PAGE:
Beyond the Horizon by Ryan Ireland is a curious work that has stuck with me long after I finished reading it. I’ve been turning over the events of the novel and its themes in my head for weeks now, and if that isn’t the sign of an interesting, and decent book, then I don’t know what is.
A metaphysical, twisting, revisionist Western, Beyond the Horizon starts off simply: a man lives with a woman who is not his wife, a Stranger arrives and informs the man that he will have to travel to a nearby Fort to register his wife, otherwise the authorities will take her away. The man leaves, the stranger kills the woman and child, and sets off in pursuit of the man.
However, it’s from this point that the narrative takes some sharp leftfield turns which will likely leave many readers scratching their heads. The man’s story goes forward in a fairly linear way, but the stranger’s loops across time, intersecting itself at several points. The book is a Mobius strip of a narrative, one that often comes full circle around, crosses paths with itself and plays with time constantly (at one point, a character meets himself travelling towards the start of the novel, tells him what is about to happen and continues on). It reminded me a lot of Michael Haneke’s Funny Games and the way that Haneke plays with narrative convention, pausing and rewinding the film to affect the character’s fates. Ireland has a good grasp on the narrative, in such a way that even when the events may confuse – the reader never once feels lost. In fact, the twisting narrative is often a joy to behold.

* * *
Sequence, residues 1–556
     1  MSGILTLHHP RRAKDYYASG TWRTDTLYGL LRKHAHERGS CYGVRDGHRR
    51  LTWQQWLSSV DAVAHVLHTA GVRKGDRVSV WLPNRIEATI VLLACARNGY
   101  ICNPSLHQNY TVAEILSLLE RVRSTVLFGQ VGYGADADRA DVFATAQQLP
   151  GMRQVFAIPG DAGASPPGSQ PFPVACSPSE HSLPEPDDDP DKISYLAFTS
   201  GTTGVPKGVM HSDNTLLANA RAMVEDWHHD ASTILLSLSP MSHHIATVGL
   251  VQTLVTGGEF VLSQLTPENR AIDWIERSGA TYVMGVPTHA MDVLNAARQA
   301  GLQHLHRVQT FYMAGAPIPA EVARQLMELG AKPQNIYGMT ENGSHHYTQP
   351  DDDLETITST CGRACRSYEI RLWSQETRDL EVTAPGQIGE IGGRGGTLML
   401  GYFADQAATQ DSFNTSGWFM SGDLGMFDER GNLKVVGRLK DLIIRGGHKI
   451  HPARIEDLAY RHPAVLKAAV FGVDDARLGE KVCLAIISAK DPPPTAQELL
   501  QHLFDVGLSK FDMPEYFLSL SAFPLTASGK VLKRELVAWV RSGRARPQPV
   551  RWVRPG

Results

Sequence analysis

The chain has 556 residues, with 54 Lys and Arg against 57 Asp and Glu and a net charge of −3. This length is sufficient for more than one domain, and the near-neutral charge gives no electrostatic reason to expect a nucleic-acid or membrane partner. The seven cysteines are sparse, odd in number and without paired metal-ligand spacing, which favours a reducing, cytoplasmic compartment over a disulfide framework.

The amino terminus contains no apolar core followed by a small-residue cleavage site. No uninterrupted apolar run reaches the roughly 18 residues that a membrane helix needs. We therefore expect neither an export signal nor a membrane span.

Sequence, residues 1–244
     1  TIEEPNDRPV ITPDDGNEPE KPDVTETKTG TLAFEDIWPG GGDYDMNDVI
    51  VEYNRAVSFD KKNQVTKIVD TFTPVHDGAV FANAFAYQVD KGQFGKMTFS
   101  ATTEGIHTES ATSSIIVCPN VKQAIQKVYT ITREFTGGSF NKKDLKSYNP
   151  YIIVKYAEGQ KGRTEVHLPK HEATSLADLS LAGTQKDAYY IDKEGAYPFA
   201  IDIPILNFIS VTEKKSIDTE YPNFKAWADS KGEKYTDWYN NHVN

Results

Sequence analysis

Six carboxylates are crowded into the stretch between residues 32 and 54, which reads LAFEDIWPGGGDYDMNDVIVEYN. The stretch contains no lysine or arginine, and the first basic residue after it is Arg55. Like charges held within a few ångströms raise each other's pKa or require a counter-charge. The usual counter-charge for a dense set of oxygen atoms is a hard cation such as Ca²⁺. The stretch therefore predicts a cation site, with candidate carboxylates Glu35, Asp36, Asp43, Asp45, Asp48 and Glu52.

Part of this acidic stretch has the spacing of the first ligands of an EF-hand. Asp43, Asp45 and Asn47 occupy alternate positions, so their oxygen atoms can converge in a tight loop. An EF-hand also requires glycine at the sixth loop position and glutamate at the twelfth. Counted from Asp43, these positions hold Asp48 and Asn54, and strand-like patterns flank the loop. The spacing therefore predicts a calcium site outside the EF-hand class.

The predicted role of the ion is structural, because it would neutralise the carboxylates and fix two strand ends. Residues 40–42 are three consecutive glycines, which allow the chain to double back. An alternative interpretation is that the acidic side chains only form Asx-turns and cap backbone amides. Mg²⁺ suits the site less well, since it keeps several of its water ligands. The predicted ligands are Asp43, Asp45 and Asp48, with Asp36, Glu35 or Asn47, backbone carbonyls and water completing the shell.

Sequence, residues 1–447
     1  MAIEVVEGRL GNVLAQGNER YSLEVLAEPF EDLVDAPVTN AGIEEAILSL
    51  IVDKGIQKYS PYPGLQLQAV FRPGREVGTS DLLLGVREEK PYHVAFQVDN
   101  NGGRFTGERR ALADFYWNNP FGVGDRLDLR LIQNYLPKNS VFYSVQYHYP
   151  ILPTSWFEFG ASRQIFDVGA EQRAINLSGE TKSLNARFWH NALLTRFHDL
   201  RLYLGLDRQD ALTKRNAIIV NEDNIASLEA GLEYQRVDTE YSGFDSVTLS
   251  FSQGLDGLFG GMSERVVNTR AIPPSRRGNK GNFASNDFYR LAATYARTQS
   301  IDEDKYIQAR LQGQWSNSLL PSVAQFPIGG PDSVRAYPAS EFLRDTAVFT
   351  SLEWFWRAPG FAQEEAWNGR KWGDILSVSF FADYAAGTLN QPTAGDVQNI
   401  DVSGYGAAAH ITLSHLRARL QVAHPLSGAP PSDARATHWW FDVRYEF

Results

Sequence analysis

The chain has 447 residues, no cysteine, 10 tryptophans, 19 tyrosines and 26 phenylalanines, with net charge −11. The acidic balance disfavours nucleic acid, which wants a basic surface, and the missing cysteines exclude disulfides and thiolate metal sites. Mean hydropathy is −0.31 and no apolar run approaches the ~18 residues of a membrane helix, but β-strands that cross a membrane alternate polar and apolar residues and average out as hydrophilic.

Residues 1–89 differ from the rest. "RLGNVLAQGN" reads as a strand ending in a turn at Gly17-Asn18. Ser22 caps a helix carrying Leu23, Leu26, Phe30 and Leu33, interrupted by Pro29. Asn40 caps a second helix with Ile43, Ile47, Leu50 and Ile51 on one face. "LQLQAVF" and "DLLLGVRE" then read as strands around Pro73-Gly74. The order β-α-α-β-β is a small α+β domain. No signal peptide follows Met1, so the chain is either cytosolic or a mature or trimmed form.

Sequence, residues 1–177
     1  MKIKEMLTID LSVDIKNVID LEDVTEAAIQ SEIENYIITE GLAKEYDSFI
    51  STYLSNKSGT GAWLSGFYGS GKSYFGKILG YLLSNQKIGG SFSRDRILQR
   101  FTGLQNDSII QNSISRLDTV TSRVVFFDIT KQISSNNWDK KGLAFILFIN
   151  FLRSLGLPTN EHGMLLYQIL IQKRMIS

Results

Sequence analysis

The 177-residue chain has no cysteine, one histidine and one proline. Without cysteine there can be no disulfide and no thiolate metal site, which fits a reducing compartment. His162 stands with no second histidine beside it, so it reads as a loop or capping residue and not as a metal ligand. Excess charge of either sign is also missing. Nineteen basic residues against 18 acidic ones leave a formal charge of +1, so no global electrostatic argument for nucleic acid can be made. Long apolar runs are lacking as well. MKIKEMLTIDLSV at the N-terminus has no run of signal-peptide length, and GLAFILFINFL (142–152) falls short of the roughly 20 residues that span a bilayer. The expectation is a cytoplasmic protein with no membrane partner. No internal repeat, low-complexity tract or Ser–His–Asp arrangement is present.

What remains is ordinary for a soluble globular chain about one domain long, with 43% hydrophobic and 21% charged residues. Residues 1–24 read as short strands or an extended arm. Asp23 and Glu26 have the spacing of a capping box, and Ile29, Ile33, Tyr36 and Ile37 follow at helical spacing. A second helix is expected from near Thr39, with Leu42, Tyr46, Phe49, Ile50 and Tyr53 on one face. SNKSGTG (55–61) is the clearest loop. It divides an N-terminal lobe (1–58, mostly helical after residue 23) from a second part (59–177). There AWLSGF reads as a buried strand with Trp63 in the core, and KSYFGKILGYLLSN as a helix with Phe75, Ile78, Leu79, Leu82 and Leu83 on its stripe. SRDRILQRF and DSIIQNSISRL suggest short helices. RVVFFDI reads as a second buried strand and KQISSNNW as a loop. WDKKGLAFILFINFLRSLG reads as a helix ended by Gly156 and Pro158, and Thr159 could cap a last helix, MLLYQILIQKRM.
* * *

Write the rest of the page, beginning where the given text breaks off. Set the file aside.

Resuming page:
That’s a good thing too, because joy is something that this novel lacks everywhere else. This is a very serious book, in which very serious men do very serious things. Like Clint Eastwood, this is a novel full of men with no names. Not a single page goes by without someone dying (various bodily functions betraying them upon their untimely demise). Animals are murdered frequently and horrifically; even the stars are dead – as one character reminds us several times over. That isn’t to say that this is a bad book, nor that it is badly written. This is, at times, wonderfully poetic, and Ireland has an excellent grasp of language. It’s just that, being so straight faced, so often, can make this a bit of a slog. Violence permeates every page, and it’s strongly hinted at that one character may be the embodiment of violence, seeping throughout history. It’s like a Coen Brother’s film without any of the jokes.
All of this violence and narrative twisting can sound pretentious – a fruitless ‘Look at me!’ exercise in po-faced McCarthy-esque writing – but Beyond the Horizon is clearly trying to say something about history and the way we revise the past based on our own present.